The End of Medicine as We Know It?

antibiotics resistance pressure ulcers

The advent of penicillin revolutionized modern medicine. The original antibiotic, penicillin gave doctors the power to cure "untreatable" diseases and heal life-threatening infections.

Today, antibiotics of all types play an important role in treating pressure injuries. The painful sores are often at risk of infection, both on the level of the skin or even below the skin surface. Controlling the germs that gather in those areas through antibiotics is a common form of treatment.

Antibiotics have worked like magic. Could anything ever stop them?

Actually, yes. We could use them so much that the germs learn to fight them off.

According to Professor Valerie Edwards-Jones, Emeritus Professor of Medical Microbiology at Manchester Metropolitan University, the medical field has to prepare for the time in the not-too-distant future when antibiotics may no longer among the doctor's set of tools.

"We’ve been using antibiotics for 70 years, and they’re becoming less and less effective. How much longer are they going to be a valid tool?" she said.

"Additionally, for the last 25 years, we’ve had an antibiotic void – no new classes of antibiotics have been added."

Or as Dr. Margaret Chan, Director General of the World Health Organization (WHO), said in 2012: "A post antibiotic era means, in effect, an end to modern medicine as we know it."

The Effect of 42 Million Chickens

As far back as 1945, the father of penicillin, Alexander Fleming, warned against the overuse of antibiotics at low doses. In his Nobel Lecture, he noted that "Exposing microbes to non-lethal quantities of the drug make them resistant.”

Today, according to Professor Edwards-Jones, Fleming's prediction is coming true, in part because of our modern diet.

"We eat approximately 42 million chickens per week in the UK – they ALL take antibiotics," she said. "We have them coursing through our bodies constantly. They have LARGE doses of antibiotics in them."

This is a particularly significant risk for people who suffer from pressure injuries because of the constant threat of infection. Without effective antibiotics, the danger is compounded significantly. Antibiotics are usually the front-line warriors in the war against bacteria.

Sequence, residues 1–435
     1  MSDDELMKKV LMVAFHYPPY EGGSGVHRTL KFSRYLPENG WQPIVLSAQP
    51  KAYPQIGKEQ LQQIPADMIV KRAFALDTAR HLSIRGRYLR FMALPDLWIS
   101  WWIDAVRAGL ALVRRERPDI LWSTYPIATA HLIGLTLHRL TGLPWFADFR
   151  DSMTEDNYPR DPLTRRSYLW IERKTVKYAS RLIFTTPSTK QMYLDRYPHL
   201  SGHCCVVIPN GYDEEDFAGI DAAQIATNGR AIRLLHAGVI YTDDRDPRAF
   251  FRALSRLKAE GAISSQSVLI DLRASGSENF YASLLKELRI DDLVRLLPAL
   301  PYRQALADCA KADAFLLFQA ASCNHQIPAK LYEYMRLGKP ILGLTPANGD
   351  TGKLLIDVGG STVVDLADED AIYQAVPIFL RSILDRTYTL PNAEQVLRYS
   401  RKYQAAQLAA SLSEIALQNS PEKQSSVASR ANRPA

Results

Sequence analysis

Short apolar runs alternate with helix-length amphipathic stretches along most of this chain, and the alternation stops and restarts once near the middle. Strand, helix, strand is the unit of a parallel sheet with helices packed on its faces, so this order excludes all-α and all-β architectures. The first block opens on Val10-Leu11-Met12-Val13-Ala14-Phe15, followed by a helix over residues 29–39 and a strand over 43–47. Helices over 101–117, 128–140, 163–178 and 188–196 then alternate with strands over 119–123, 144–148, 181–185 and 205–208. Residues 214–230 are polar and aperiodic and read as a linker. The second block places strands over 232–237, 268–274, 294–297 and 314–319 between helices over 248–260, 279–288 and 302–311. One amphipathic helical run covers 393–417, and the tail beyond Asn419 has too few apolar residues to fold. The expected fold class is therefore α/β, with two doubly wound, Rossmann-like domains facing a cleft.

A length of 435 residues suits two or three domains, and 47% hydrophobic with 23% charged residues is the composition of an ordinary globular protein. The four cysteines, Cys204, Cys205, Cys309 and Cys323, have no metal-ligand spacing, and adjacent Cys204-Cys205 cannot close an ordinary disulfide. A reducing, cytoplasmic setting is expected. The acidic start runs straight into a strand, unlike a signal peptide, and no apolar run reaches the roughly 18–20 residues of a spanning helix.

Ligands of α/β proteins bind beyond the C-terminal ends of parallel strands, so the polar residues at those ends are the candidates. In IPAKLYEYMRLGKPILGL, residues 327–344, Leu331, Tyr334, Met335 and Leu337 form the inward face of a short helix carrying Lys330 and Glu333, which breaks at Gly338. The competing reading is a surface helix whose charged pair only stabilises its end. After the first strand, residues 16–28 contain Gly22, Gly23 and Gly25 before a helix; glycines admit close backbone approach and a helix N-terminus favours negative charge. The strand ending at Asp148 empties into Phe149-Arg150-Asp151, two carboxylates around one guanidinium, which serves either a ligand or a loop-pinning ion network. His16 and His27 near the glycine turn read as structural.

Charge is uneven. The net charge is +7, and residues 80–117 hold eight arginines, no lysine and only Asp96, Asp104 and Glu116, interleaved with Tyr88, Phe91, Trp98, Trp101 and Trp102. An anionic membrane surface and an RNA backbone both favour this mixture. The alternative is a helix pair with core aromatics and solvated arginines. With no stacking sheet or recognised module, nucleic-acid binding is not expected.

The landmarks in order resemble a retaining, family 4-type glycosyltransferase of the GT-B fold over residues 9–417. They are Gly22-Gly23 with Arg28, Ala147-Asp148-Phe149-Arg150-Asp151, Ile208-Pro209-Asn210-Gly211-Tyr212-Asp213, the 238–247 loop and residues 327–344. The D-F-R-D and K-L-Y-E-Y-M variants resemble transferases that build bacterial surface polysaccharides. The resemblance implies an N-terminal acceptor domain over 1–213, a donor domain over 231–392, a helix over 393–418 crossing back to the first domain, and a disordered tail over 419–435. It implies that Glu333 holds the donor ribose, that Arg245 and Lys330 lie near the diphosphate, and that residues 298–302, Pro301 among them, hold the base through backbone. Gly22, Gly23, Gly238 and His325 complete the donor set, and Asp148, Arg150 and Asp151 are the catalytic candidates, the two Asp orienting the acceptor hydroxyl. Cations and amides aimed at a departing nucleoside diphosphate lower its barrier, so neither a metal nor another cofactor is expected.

"When resistance develops, we introduce a new drug. We see the pathogen start to develop resistance within 5 years, and within 10-15 years, we see it predominating in that organism," she said. "The organisms are not stupid."

Professor Edwards-Jones declared the resistance could take a variety of forms. In many cases, the bacteria develops enzymes that are capable of breaking down antibiotics, rendering them ineffective.

Reducing 'Unneeded" Use of Antibiotics

Cutting down on the use of antibiotics in wound care can contribute to a general attitude change toward the use of antibiotics. Instead of turning to the powerful drug as a first response, medics are now encouraged to look for alternative solutions first.

Microbiologists are trying to find ways to "reduce the waste of prescribing antibiotics when it’s not needed," Prof. Edwards-Jones said.

"As a doctor, you used to prescribe penicillin left and right, but now, you have to prove the person has an infection prior to the prescription, in order to lessen use," she explained.

A Lesson from the Treatment of Biofilms

The treatment of bacterial biofilms on chronic wounds could serve as an example of how to strategically lessen the use of antibiotics.

"Biofilms are present in 80% of chronic wounds - even if you can’t see them. Anything you do with chronic wounds – think about the biofilm! Consider biofilm formation, disruption and removal," Prof. Edwards-Jones commented.

Biofilms form, she instructed, by organisms forming on the surface of a wound, and then multiplying. Other organisms come along afterwards and stick to the first group of organisms. The sticking causes the organisms to excrete a glue-like substance that both bond the various organisms and create a film-like surface.

"In chronic wounds, multiple species – up to 20 species – could be living together in the biofilm," she said. "They increase the resistance and hardiness of the organisms within."

The treatment, she reported, comes in three parts:

1. Removal of debris from the wound.

2. Debridement - there are numerous methods, including the use of ultrasonics or maggots.

3. Application of topical antimicrobial agents (antibiotics) to clean the wound and disrupt the biofilm, then addition of a new dressing and a barrier dressing to prevent further contamination.

With this three-step method, the patient does not have the antibiotics coursing through his whole system but only in the place where they are needed, reducing the chances that organisms will learn to resist the drug.

Moving Cautiously to the Future

The medical field has already begun to plan for a future with less reliance on antibiotics. The goal is to slow the level of bacterial resistance to antibiotics to the point where the medical world can cope with the challenge and make proper adjustments.

As Prof. Edwards-Jones makes clear, that process will require a wider spread acceptance of alternative treatments and more research and development in finding additional alternatives.

"Systemic antibiotics are essential," she said. A future without antibiotics, right now, is simply unthinkable.